Alliance for Securing Democracy at The German Marshall Fund of the United States – Sydney Simon, firstname.lastname@example.org, 202–683–2648
Brennan Center for Justice at NYU Law – Rebecca Autrey, email@example.com, 646–292–8316
R Street Institute – David Bahr, firstname.lastname@example.org, 202–550–5451
Pitt Cyber – Deborah M. Todd, email@example.com, 412–624–6687
New York, NY – Election officials across the country need more federal resources to address voting system security challenges, according to a new report from experts at the Alliance for Securing Democracy, Brennan Center for Justice at NYU Law, Pitt Cyber, and R Street Institute.
Defending Elections: Federal Funding Needs for State Election Security examines projects that state officials are pursuing across the country with $380 million in federal funds appropriated last year by Congress, such as replacing outdated machines. The Election Assistance Commission estimates that 85 percent of this money will be spent by the 2020 election. Without additional federal support, substantial election security needs will likely go unaddressed. The report profiles six states as case studies that, taken together, represent a broad range of the ongoing election security challenges faced by jurisdictions around the country: Alabama, Arizona, Illinois, Louisiana, Oklahoma, and Pennsylvania.
“As the first line of defense against cyberattacks on voting infrastructure, state and local election officials need more resources to do their job,” said Liz Howard, counsel in the Brennan Center’s Democracy Program and former deputy commissioner of elections for the Virginia Department of Elections. “Congress took an important step last year by providing funding, but it wasn’t nearly enough to tackle the full range of threats that officials confront on a daily basis.”
“Election security is a national security imperative for our democracy – and it’s dependent upon the election systems of 50 state governments and the vigilance of election officials in over 10,000 election jurisdictions across the country,” said David Salvo and Rachael Dean Wilson of the bipartisan Alliance for Securing Democracy. “Providing one-time federal funding support does not ‘fix’ the problem – securing our election infrastructure requires consistent upgrades, monitoring and education. Lawmakers on Capitol Hill should continue to support state efforts to secure their election systems by approving additional funding to states.”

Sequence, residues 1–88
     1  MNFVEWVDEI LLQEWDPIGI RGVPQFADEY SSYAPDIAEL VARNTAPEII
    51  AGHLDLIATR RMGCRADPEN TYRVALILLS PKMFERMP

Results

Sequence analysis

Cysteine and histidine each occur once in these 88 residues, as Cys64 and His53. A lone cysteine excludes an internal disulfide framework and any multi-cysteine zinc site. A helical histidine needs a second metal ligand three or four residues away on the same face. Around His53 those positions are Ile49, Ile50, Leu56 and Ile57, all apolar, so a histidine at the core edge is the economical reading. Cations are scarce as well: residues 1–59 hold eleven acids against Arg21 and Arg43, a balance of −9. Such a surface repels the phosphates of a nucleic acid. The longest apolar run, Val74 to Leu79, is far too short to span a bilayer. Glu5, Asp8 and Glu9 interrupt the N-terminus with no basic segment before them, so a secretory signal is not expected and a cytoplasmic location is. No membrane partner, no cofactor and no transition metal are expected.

“Defending our election system from attack by hostile foreign powers is clearly in the national security interests of the United States,” said Jim Baker, director of national security & cybersecurity at the R Street Institute. “Every American, regardless of party affiliation, should demand that federal, state and local officials do their utmost to protect the sanctity of all of our votes.”
Authors found that states are largely using last year’s funding to strengthen cybersecurity defenses, and purchase new, up-to-date voting machines and other critical IT infrastructure like voter registration databases. Officials are also working to implement post-election audits that can check electronic tallies from machines against back-up paper records. Audits can help identify abnormalities in results that might be caused by a hack or cyberattack.
But states face significant funding shortages to fully complete those upgrades. Louisiana, for example, still uses paperless voting machines statewide. These machines are vulnerable to hacking and fail to provide a paper record that can be used for an audit. The state faces a multimillion-dollar gap in funding as it tries to replace its machines.
“Paperless voting systems present a clear and present danger to the security of the vote and must be urgently replaced where they remain in use,” said Chris Deluzio, Pitt Cyber’s policy director. “Such efforts to replace these vulnerable machines are underway in Pennsylvania, for example, but Congress should provide further funding to help shore up our democracy’s defenses.”
Local election officials in states surveyed also need more assistance to bolster cybersecurity beyond what last year’s funding was able to provide. Other needs that could be met by more resources include additional upgrades to voting equipment and registration databases, training for officials, support in bolstering the audit process, and more.
To read the full report, click here.